One of the most brilliant affirmations of how Mandel intertwines all the characters within the novel through the main character Arthur Leander is found in the peculiar characteristic that is demonstrated by Kirsten Raymond. On a microscopic level, the behavior demonstrated by Kirsten serves as a means to cope with the new reality that she found herself apart. However, on a larger scale, the incident acts her with the way the society use to be at a time that Arthur Leander was alive and everyone who was associated with him when he was alive. The fact is further bolstered in the Station Eleven comic strips that are her higher prized possessions. The artifacts that were created by Miranda, Arthur’s first wife unifies Kirsten to Arthur. It is through Arthur that his wives, as well as his child Tyler and in a domino effect like manner, the various groups within the work such as the Traveling Symphony, the people at St. Deborah by the water and the group, found at the museum of civilization.
Even more profoundly, through employing the stagnant character, Jeevan Chaudhary, a journalist who followed Arthur Leander (Mandel 2016), there are very serious implications that he took the photographs in the magazines she clings so much passionately too, that of the stories central characters. There is unquestionably both a correspondence and a continuity between all characters in Mandel’s work of all that is depicted in the simple action of Arthur giving a small child a cartoon strip to which the novel obtains its name from. While Kirsten’s fixation on Arthur Leander memorabilia provides ample evidence as to how Leander’s character acts to personify the great chain of being, the amalgamation between contact zones and events through his character further strengthens the stipulation.
In her article, “Arts of the Contact Zone,” Mary Louis pretty defines a contact zone as a social space where cultures meet, clash and grapple with each other often in the context of highly asymmetrical relations of power (Lu, 2014). Regarding Mandel’s novel, Station Eleven, the two major contact zones within the work occur at the museum of civilization, immediately after the society’s collapse and at St. Deborah by the water. Throughout her work, Mandel beautifully encapsulated the notion as it is seen in Kirsten’s fascination with Arthur Leander memorabilia and the ways she so effortlessly interconnected the different contact zones and even inside her works. That being said upon an in-depth reading of Station Eleven one can’t help but reflect on the many ways that we all seem united with one another in the overall fabric of humanity and thus showcasing as to why it is difficult to survive alone.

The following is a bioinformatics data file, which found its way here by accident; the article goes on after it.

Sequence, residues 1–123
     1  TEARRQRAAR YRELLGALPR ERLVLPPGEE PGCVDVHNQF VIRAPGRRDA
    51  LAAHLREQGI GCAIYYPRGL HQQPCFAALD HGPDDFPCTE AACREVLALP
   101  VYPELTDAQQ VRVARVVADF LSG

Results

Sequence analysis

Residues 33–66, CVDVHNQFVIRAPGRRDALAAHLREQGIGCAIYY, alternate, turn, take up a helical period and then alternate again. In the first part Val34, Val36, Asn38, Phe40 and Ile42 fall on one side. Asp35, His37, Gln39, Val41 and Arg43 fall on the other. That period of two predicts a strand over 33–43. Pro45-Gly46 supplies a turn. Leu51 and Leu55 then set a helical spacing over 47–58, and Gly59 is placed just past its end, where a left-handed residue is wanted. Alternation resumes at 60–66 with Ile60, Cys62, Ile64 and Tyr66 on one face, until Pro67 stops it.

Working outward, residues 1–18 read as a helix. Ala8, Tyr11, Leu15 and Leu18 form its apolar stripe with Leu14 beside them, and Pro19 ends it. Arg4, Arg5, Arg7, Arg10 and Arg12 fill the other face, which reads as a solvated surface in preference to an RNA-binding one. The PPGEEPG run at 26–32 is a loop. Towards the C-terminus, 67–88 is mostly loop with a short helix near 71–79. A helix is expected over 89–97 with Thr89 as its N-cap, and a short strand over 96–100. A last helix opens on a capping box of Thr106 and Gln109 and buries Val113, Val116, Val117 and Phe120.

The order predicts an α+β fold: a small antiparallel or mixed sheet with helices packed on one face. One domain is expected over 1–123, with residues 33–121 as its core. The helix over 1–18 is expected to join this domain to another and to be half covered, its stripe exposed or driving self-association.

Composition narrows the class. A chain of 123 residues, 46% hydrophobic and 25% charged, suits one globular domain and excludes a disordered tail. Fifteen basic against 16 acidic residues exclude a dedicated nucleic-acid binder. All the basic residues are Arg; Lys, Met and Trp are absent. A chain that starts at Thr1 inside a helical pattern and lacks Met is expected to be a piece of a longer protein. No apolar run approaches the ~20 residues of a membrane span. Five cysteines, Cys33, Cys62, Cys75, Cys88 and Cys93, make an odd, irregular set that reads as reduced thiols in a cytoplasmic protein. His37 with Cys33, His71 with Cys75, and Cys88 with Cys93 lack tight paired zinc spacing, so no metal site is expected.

The reason as to why Mandel has used so many characters is that she could achieve the continuity that evident in the whole novel. Arthur Leander, being the main actor in the novel is connected with almost all the players and thus ensuring that there is continuity within her story. The large cast of the characters in the novel Station Eleven helps the author achieve and communicate her intended message to the audience through giving each of the characters a unique but a correlated character to what is being addressed. The main issue of that Mandel brings out by introducing a character who has many wives is to indicate how people can’t be such independent on their own and need a companion to make their lives better. For the humankind to ensure their continuity, it is prompted that they get married to have kids an issue that is so much open in the novel of continuity. Also, however, the issue of divorce is present in the novel by Arthur Leander who divorces his first wife an indication of how life isn’t a smooth journey and that proper choices need to be made for a successful life. It’s also evident that no matter how one is successful, he or she is full of fouls that make their lives to get based on regrets.
Byrd, Merry. “Siblings and Survivors: The Post-Apocalyptic Worlds in Edan Lepucki’s California and Emily St. John Mandel’s Station Eleven.” Femspec 17.2 (2017): 71.
Lu, Min-Zhan. “Representing and negotiating differences in the contact zone.” A Language and Power Reader: Representations of Race in a” Post-Racist” Era (2014): 231.
Mandel, Emily St John. Station eleven. Éditions Rivages, 2016.